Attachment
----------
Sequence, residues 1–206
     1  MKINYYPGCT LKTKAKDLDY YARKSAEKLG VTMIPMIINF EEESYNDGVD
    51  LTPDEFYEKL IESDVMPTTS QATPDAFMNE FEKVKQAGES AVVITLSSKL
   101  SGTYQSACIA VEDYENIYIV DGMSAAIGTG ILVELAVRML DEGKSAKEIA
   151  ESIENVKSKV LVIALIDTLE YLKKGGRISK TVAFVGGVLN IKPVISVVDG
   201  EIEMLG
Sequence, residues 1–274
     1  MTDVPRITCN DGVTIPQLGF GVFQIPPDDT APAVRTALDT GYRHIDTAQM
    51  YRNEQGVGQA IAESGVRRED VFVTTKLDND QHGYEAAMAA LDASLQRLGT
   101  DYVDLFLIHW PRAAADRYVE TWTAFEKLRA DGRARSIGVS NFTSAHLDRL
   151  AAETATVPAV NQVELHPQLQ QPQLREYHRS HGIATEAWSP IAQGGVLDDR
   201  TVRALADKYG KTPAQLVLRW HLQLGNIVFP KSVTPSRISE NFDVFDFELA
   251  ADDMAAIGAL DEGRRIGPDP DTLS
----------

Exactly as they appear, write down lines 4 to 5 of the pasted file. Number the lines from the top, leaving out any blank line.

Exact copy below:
   101  SGTYQSACIA VEDYENIYIV DGMSAAIGTG ILVELAVRML DEGKSAKEIA
   151  ESIENVKSKV LVIALIDTLE YLKKGGRISK TVAFVGGVLN IKPVISVVDG